Thursday, December 29, 2005

“…And I Did Not Speak Out”

My friend Bob does not limit his comments to this blog; when he sees someone saying something he disagrees with, he lets them know it. Today he responds to a letter in the Miami Herald.

First is a letter from someone who obviously doesn’t care if the government taps his phones:

Robert Steinback’s Dec. 16 column, Fear destroys what bin Laden could not, reveals his detachment from reality. One of government’s essential roles is to protect its citizens from harm.

Let’s not forget that the terrorists’ goal is to kill Americans. No doubt they are planning more attacks. The Israelis are stopping 90 percent of all homicide bombers because their security services have advance information about attacks.

Our domestic wiretaps may have provided us with vital information to prevent attacks in the United States. I do not understand why we should be concerned about the civil liberties of individuals who intend to kill innocent civilians. Have we forgotten the 3,000 victims of 9/11 already?

This is a great country. I fully support President Bush’s action and commend him for his commitment and efforts to protect us.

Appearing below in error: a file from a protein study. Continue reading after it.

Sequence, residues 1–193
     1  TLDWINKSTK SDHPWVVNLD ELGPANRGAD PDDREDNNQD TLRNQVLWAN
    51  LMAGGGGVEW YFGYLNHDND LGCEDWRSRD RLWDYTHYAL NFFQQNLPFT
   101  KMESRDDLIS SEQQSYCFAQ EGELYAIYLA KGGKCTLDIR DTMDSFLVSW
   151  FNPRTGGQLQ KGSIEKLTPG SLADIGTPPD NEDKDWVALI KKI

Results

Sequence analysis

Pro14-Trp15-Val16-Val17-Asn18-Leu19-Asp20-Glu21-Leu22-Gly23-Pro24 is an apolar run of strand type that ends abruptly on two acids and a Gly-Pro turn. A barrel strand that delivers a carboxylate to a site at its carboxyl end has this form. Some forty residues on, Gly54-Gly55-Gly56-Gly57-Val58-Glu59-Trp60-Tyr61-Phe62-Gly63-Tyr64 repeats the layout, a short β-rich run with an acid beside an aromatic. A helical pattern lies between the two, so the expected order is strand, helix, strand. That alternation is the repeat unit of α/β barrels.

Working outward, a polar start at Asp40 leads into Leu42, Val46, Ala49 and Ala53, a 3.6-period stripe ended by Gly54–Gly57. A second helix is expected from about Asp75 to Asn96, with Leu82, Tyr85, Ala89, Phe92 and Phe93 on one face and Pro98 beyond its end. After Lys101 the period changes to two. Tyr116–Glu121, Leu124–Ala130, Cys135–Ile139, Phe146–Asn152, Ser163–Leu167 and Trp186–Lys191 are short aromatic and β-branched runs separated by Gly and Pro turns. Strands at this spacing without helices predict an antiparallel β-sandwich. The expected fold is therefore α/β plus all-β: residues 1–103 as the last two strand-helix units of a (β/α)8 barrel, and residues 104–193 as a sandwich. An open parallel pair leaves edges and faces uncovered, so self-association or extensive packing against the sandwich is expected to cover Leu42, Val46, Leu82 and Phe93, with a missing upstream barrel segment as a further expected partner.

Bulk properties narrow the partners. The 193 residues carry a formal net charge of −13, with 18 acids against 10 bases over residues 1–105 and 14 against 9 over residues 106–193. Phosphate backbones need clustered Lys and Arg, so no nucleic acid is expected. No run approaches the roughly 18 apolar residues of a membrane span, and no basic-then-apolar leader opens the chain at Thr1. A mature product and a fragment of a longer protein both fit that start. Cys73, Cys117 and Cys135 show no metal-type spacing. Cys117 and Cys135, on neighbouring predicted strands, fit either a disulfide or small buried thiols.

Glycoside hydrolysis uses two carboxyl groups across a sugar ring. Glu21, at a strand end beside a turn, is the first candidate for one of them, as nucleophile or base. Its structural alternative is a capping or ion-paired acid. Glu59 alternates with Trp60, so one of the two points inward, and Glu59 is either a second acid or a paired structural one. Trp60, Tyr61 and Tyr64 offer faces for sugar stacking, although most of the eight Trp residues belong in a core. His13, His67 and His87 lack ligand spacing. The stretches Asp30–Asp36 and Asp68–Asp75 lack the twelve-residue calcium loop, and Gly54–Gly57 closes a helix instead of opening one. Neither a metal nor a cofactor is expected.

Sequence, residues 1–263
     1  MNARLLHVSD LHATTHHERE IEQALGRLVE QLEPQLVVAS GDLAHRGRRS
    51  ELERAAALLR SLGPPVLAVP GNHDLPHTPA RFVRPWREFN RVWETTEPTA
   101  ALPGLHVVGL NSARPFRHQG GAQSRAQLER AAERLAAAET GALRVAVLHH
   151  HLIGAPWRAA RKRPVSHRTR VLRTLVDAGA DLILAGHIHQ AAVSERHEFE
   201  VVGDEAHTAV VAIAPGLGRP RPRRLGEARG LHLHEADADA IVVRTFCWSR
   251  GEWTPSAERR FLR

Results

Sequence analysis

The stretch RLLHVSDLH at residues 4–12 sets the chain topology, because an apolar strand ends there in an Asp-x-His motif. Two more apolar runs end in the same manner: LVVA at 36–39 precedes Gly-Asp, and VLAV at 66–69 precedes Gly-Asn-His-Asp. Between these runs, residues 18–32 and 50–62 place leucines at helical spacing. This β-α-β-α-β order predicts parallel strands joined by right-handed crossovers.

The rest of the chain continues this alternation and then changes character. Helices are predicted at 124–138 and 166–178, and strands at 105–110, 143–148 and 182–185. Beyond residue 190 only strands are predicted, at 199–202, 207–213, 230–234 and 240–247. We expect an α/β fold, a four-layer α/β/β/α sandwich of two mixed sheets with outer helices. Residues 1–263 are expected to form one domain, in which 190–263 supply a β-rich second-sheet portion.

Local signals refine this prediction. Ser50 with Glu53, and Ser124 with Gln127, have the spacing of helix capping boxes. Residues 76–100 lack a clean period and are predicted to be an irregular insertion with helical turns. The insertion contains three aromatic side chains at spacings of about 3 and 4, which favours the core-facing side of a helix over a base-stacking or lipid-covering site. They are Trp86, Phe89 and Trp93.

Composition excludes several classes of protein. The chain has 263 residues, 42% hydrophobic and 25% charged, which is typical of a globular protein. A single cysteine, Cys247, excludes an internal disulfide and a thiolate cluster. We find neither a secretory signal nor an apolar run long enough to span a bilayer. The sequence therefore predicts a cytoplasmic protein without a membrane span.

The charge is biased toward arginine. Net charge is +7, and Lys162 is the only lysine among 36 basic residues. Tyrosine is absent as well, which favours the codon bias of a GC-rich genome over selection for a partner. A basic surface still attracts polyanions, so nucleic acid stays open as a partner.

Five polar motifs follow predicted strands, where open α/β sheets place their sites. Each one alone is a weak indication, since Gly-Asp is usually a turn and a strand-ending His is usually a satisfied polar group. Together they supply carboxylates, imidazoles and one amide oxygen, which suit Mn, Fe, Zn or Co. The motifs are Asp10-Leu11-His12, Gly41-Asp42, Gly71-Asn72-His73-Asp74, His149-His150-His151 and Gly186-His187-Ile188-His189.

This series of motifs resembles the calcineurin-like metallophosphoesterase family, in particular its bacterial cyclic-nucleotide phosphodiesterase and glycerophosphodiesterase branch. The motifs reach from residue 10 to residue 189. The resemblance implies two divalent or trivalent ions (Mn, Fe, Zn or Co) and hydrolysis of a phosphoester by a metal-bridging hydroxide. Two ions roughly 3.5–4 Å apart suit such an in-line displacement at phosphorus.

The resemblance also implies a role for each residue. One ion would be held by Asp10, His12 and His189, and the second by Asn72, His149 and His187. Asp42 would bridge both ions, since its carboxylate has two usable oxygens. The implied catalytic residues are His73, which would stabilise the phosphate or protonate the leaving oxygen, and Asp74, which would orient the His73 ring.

Here’s Bob’s reply:

Re the Dec. 26 letter Wiretaps justified: After reading the writer’s comment that, “Anybody can feel free to wiretap my phones. I have nothing to hide,” I thought of this poem by Martin Niemoller:

First they came for the communists, and I did not speak out —

because I was not a communist;

Then they came for the socialists, and I did not speak out —

because I was not a socialist;

Then they came for the trade unionists, and I did not speak out —

because I was not a trade unionist;

Then they came for the Jews, and I did not speak out —

because I was not a Jew;

Then they came for me —

and there was no one left to speak out for me.

One could add: “Then they came for the terrorists, and I did not speak out — because I am not a terrorist.”

Good going, Bob.